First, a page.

The History of Cellular Phones

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Bellis, Mary. "The History of Cellular Phones." ThoughtCo, Oct. 18, 2016, Bellis, Mary. (2016, October 18). The History of Cellular Phones. Retrieved from Bellis, Mary. "The History of Cellular Phones." ThoughtCo. (accessed October 22, 2017).
Martin Cooper
Martin Cooper demonstrates the first portable cellular telephone. ArrayComm

In 1947, researchers looked at crude mobile (car) phones and realized that by using small cells (a range of service area) and found that with frequency reuse they could increase the traffic capacity of mobile phones substantially. However, the technology to do so at the time was nonexistent.

Then there’s the issue of regulation. A cell phone is a type of two-way radio and anything to do with broadcasting and sending a radio or television message out over the airwaves is under the authority of Federal Communications Commission (FCC) regulation.

In 1947, AT&T proposed that the FCC allocate a large number of radio-spectrum frequencies so that widespread mobile telephone service would become feasible, which would also give AT&T an incentive to research the new technology.

The agency’s response? The FCC decided to limit the amount of frequencies available in 1947. The limits made only twenty-three phone conversations possible simultaneously in the same service area and gone was the market incentive for research. In a way, we can partially blame the FCC for the gap between the initial concept of cellular service and its availability to the public.

It wasn’t until 1968 that the FCC reconsidered its position, stating that "if the technology to build a better mobile service works, we will increase the frequencies allocation, freeing the airwaves for more mobile phones." With that, AT&T and Bell Labs proposes a cellular system to the FCC of many small, low-powered, broadcast towers, each covering a “cell” a few miles in radius and collectively covering a larger area.

Each tower would use only a few of the total frequencies allocated to the system. And as the phones traveled across the area, calls would be passed from tower to tower.

Dr. Martin Cooper, a former general manager for the systems division at Motorola, is considered the inventor of the first modern portable handset.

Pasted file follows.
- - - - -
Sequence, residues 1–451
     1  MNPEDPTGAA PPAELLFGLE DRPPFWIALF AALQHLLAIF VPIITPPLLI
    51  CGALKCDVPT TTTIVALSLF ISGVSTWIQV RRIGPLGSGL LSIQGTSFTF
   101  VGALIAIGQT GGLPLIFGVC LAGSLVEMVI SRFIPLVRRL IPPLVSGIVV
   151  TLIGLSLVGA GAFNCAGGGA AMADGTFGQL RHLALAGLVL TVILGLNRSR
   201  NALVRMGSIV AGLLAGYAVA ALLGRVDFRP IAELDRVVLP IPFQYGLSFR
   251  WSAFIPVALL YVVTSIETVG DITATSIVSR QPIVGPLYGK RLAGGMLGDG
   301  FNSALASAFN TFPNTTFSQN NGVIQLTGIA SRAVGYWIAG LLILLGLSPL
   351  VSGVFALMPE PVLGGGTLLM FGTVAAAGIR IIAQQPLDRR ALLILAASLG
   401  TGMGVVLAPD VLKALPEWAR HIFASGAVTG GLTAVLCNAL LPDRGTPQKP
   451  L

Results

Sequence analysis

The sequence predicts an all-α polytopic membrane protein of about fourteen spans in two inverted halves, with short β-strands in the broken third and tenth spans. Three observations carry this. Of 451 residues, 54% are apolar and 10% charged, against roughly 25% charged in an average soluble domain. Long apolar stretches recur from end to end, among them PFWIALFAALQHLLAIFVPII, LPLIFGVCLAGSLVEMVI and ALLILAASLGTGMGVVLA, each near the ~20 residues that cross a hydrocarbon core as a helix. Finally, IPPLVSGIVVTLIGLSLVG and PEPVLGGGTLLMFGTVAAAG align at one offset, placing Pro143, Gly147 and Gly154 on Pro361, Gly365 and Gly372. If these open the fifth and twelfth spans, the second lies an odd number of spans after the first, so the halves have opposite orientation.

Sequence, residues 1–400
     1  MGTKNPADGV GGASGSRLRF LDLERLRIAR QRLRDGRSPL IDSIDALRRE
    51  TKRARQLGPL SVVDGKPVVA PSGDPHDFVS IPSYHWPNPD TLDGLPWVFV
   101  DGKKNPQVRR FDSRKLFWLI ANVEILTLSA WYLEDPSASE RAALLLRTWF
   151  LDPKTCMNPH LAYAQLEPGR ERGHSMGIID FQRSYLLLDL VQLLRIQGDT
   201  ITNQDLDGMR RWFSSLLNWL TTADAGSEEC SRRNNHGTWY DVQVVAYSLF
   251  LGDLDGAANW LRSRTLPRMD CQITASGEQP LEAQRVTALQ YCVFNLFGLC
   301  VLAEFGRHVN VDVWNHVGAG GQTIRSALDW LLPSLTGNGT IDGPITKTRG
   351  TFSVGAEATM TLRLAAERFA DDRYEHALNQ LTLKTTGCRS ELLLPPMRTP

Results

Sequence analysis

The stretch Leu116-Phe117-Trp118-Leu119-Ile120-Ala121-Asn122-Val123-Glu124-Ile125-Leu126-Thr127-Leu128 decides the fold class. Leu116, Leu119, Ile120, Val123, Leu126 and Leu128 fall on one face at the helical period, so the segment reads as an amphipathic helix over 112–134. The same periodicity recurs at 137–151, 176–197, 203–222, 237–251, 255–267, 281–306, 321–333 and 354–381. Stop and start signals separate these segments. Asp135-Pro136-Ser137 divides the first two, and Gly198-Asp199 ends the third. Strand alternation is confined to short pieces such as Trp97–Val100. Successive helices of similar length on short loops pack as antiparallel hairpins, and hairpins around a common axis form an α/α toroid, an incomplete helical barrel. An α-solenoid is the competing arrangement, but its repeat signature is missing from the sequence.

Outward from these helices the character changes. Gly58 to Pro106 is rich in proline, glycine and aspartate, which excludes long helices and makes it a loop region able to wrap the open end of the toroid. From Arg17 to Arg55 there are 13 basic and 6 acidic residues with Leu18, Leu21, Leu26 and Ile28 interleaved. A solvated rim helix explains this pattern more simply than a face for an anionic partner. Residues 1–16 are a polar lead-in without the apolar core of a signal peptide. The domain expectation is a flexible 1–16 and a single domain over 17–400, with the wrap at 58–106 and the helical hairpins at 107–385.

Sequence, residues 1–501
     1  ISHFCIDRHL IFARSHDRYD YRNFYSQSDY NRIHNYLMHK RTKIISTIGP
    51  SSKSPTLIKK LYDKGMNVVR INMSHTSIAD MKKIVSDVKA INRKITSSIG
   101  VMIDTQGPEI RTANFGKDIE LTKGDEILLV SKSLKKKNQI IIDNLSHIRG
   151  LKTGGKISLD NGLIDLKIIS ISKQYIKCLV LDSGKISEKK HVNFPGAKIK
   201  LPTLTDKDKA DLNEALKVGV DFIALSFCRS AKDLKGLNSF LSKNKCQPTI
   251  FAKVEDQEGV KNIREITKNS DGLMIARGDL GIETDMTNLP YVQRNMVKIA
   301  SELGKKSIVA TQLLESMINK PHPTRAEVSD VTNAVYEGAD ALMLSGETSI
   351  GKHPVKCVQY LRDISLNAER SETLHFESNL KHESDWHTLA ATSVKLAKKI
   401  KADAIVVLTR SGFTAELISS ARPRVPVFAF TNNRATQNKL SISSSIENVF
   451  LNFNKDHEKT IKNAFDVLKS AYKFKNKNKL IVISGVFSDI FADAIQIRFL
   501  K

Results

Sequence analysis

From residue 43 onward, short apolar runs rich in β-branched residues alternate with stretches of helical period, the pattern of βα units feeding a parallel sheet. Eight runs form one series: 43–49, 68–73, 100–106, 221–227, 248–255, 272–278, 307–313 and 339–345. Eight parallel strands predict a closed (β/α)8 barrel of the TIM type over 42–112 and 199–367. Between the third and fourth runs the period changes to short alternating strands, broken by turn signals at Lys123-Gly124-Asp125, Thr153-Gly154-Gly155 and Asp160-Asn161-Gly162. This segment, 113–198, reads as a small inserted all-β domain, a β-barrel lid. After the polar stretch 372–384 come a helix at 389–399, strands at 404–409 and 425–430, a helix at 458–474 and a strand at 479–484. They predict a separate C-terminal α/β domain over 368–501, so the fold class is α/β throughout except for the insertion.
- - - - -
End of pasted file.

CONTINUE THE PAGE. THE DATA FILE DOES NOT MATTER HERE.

In fact, Cooper made the first call on a portable cell phone in April 1973 to his rival, Joel Engel, who served as Bell Labs head of research. The phone was a prototype called the DynaTAC and weighed 28 ounces. Bell Laboratories had introduced the idea of cellular communications in 1947 with the police car technology, but it was Motorola that first incorporated the technology into portable device designed for use outside of automobiles.

By 1977, AT&T and Bell Labs had constructed a prototype cellular system. A year later, public trials of the new system were held in Chicago with over 2,000 customers. In 1979, in a separate venture, the first commercial cellular telephone system began operation in Tokyo. In 1981, Motorola and American Radio telephone started a second U.S. cellular radio-telephone system test in the Washington/Baltimore area. And by 1982, the slow-moving FCC finally authorized commercial cellular service for the USA.

So despite the incredible demand, it took cellular phone service many years to become commercially available in the United States. Consumer demand would soon outstrip the 1982 system standards and by 1987, cellular telephone subscribers exceeded one million with the airways becoming more and more crowded.

There are basically three ways of improving services. Regulators can increase frequencies allocation, existing cells can be split and the technology can be improved. The FCC did not want to handout any more bandwidth and building or splitting cells would have been expensive as well as add bulk to the network. So to stimulate the growth of new technology, the FCC declared in 1987 that cellular licensees could employ alternative cellular technologies in the 800 MHz band. With that, the cellular industry began to research new transmission technology as an alternative.